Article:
In Re RiceAnnotate this Case
217 A.2d 596 (1966)
In the Matter of Alfred Eugene RICE.
District of Columbia Court of Appeals.
Argued January 10, 1966.
Decided March 14, 1966.
*597 Richard W. Barton, Asst. Corporation Counsel, with whom Chester H. Gray, Corporation Counsel, Milton D. Korman, Principal Asst. Corporation Counsel, and Hubert B. Pair, Asst. Corporation Counsel, were on the brief for the District of Columbia, appellant.
Carroll F. Tyler, Jr., Washington, D. C., for Alfred Eugene Rice, appellee.
Before HOOD, Chief Judge, and QUINN and MYERS, Associate Judges.
MYERS, Associate Judge.
On June 5, 1964, two detectives with the Metropolitan Police gave to the Director of Social Work of the Juvenile Court a written complaint alleging that one Alfred Eugene Rice (then sixteen years of age) had raped a sixteen-year-old girl. As directed by statute, a preliminary investigation was made by the Intake Officer of the court to determine whether the interests of the public or of the child required further action. An affirmative report was made to the Director of Social Work who, after consultation with and approval of the Assistant Corporation Counsel assigned to the Juvenile Court, authorized the filing of a petition. D.C.Code, 1961, Supp. V, 1966, § 16-2302. On June 19, 1964, Rice and his parents appeared in the Juvenile Court, where the petition was read to him and he was informed of his right to have counsel. Rice, after waiving legal representation at the arraignment only, denied the allegations of the petition. The case was continued for trial subject to the call of the clerk of court. On April 14, 1965, the case was called for trial, at which time the government announced it was ready to proceed, but Rice's attorney (who had entered his appearance on June 24, 1964) requested a continuance, to which the Assistant Corporation Counsel objected because the case had been pending for almost a year and all witnesses requested by the government were present in court, some of whom would not be available at a later trial date. The names of the witnesses were furnished to the trial judge by the government at his request. One was Herbert L. Bradford, an adult, who had been charged in connection with the same offense alleged to have been committed by Rice. Inquiry by the trial judge as to the status of the charge against Bradford elicitedfrom him that the charge had been dropped "because the girl had lied about the whole thing." A second motion by Rice's attorney to dismiss the petition was denied "pending further investigation into the actions of the Grand Jury." Then the trial judge continued the trial to a future date to be set by the clerk of the court and requested at that time the attendance of the Assistant United States Attorney who had presented the charge against Bradford to the Grand Jury. About ten minutes later, the trial judge asked that the two detectives from the Police Department and the Intake Officer of the Juvenile Court come to his chambers. Neither Rice's attorney nor the Assistant Corporation Counsel, who were still present in court, was informed of or invited to this conference. The trial judge later asserted that the purpose of the meeting was "to explore the question of whether there was reasonble ground to believe that [Rice] was involved in the sexual assault alleged in the *598 petition." The Statement of Proceedings and Evidence is silent as to what occurred in the judge's chambers. A docket entry by the trial judge on April 14, 1965, corrected by him on July 13, 1965, states that"* * * [t]he Court conferred with Detective Bonaccorsy of the Metropolitan Police Sex Squad, Detective Stanley Brown of the Juvenile Court, and Intake Officer Otis C. Davenport of the Juvenile Court, and ascertained that Detective Bonaccorsy presented the case to the Grand Jury which returned an `Ignoramus' after hearing alibi witnesses who accounted for the whereabouts of Herbert L. Bradford at the time of the alleged rape. With the consent and approval of the petitioning Intake Officer, Otis Davenport, and both police officers, the Court dismissed the petition and discharged respondent in this case. * * *"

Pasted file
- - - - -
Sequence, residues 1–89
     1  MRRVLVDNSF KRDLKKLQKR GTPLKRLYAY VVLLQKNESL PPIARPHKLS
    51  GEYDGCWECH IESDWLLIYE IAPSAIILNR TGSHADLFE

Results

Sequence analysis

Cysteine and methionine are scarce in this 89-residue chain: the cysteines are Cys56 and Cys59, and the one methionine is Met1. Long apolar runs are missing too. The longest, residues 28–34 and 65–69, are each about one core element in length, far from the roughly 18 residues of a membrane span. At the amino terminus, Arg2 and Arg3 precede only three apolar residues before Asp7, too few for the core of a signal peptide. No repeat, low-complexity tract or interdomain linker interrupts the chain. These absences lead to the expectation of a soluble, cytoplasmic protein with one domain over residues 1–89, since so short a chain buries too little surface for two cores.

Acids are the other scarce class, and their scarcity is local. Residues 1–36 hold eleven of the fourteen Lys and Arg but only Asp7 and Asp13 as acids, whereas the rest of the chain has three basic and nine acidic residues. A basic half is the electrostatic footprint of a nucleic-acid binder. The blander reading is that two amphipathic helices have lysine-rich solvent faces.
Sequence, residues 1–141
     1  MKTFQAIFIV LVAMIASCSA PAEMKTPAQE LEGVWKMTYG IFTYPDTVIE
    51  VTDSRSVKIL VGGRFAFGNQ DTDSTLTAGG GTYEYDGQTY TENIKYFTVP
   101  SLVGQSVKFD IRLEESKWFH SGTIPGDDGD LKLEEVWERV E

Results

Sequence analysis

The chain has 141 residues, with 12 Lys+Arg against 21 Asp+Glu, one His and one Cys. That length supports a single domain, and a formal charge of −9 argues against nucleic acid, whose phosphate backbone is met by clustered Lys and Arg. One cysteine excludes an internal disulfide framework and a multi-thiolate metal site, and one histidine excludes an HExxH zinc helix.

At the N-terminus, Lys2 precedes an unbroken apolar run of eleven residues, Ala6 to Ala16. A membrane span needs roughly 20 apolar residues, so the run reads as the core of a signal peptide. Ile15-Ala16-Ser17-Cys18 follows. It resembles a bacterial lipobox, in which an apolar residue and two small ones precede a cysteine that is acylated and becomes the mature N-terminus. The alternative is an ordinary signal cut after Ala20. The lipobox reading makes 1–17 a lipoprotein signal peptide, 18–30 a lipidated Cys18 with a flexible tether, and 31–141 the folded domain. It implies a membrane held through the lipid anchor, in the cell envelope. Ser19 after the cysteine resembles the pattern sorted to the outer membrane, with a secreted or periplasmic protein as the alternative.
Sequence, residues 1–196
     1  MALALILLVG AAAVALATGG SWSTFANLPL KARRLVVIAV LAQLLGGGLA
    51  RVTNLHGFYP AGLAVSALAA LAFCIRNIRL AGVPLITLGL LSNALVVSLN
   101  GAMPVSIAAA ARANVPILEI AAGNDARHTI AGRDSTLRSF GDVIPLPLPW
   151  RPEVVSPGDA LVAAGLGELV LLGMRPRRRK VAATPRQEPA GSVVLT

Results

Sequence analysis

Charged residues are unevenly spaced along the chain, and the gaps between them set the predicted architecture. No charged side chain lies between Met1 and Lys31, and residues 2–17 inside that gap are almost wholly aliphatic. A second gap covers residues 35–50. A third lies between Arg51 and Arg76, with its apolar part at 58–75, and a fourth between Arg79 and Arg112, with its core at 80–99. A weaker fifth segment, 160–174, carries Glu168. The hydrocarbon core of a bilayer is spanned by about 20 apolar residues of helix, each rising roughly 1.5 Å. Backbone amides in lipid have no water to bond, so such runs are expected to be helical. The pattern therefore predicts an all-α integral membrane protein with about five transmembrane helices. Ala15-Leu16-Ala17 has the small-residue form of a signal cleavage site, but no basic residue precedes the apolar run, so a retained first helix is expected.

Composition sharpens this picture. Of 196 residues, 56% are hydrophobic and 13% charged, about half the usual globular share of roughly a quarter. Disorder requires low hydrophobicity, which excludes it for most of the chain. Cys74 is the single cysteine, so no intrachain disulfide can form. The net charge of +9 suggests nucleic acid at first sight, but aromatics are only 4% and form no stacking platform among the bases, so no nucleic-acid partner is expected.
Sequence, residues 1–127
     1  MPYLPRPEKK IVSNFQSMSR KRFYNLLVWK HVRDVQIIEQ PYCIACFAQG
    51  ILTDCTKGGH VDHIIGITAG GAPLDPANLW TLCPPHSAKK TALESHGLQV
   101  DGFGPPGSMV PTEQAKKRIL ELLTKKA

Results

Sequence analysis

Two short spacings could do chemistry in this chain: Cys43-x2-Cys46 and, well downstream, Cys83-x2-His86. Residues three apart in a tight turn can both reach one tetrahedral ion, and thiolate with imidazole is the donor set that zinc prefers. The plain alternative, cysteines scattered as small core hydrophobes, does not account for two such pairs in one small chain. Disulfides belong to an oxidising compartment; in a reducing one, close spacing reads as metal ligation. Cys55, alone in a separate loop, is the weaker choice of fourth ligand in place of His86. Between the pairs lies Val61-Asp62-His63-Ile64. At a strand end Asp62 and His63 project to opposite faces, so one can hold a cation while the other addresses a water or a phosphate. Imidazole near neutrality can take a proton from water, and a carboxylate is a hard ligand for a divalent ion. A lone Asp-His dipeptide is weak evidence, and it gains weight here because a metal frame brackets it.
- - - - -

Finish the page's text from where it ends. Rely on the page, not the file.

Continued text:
On April 21, 1965, the District of Columbia moved to set aside the dismissal and to calendar the case for trial, which motion was denied on June 1, 1965. This appeal followed.
In our opinion the trial judge of the Juvenile Court misconceived the functions and authority of the Intake Officer when he took the position that the Intake Officer was the proper person to consent to the dismissal of the petition rather than the Assistant Corporation Counsel who had appeared on behalf of the District of Columbia and participated in the proceedings up to that point. The Intake Officer is but an an investigative officer of the Juvenile Court. He is not empowered by statute to act as legal representative of the District of Columbia or to conduct the presentation of evidence and examination of witnesses. The statute is clear that the function of the Intake Officer is to make a preliminary investigation of the allegations of the complaint and to report his findings as to jurisdiction of the Juvenile Court to the Director of Social Work, another court officer, who, in turn, must secure the approval of the Corporation Counsel assigned to the court before he may authorize the filing of a petition. In our opinion the consent of the Intake Officer to the dismissal of a petition has no effect to bind the District of Columbia.